Greek Deputy Prime Minister, Yannis Dragasakis, revealed on Thursday evening that the country could attempt to access bond markets before the end of the year as it is now believed that QE-inclusion is not necessary.
In an interview with state broadcaster, ERT, the vice president of the Greek government said a trial bond issuance could take place in 2017, however, this was merely a means to an end. The main target of the Tsipras administration, according to Dragasakis, is for Greece to exit the bailout program and be able to determine its own future again.
Greece tapped the markets in 2014 with five-year and a three-year bond issues in April and July 2014. The first transaction exceeded expectations and the issue was seven times oversubscribed, raising 3 billion euros.
Responding to questions about the agreement reached at the latest Eurogroup meeting to wrap up the second review of the bailout program, the deputy PM said the deal has “many strong points” the government could utilize. He admitted there are also “grey points” to the agreement that must be determined in future.
“The positives of the agreement will not come automatically, but we must take advantage of them” he stated.
Dragasakis, a highly influential figure within the coalition government, rests hopes for economic recovery on the establishment of a new Development Bank for Greece that is being planned to launch in September.
The deputy PM, who leads deliberations with Greece’s bankers, said the lack of such a bank in recent years is an issue that needs addressing.
The recent Eurogroup meeting expressed its support of the efforts of the Greek authorities to work with the European institutions on the creation of a National Development Bank that would coordinate the implementation of development and promotional activities and “strengthen the pipelines of viable investment projects”.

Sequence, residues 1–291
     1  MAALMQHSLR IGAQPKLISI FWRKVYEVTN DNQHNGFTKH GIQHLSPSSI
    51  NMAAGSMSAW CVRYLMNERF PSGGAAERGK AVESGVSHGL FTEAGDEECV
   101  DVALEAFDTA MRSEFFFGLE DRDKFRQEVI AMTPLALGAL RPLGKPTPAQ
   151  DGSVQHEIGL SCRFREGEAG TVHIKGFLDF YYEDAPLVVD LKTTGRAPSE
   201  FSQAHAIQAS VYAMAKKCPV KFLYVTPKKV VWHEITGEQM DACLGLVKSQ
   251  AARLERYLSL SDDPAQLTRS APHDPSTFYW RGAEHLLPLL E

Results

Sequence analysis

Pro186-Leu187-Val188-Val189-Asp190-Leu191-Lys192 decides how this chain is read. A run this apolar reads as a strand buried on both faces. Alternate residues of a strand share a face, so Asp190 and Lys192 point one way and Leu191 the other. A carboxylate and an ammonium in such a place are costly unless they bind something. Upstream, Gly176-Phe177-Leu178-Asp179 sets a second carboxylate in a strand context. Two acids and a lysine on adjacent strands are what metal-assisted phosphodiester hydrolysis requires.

Eurozone member-stated have vowed to step up efforts to provide technical assistance to Greece from the European Investment Advisory Hub with a view to facilitating the preparation of investable projects and the establishment of investment platforms.
The government is planning to press on with major investment projects in the next few months, including an offshore gas pipeline in Alexandroupolis, a new airport in Castelli (Crete), investments related to local shipyards and the development project in Helliniko.
Finally, Dragasakis commented on the statements made by ESM Managing Director Klaus Regling earlier this week. The ESM chief criticized Greek government ministers for sometimes disagreeing with measures that have been agreed to, “and with specific privatizations.” Dragasakis said it wasn’t the ESM chief’s job to “evaluate ministers”./ΙΒΝΑ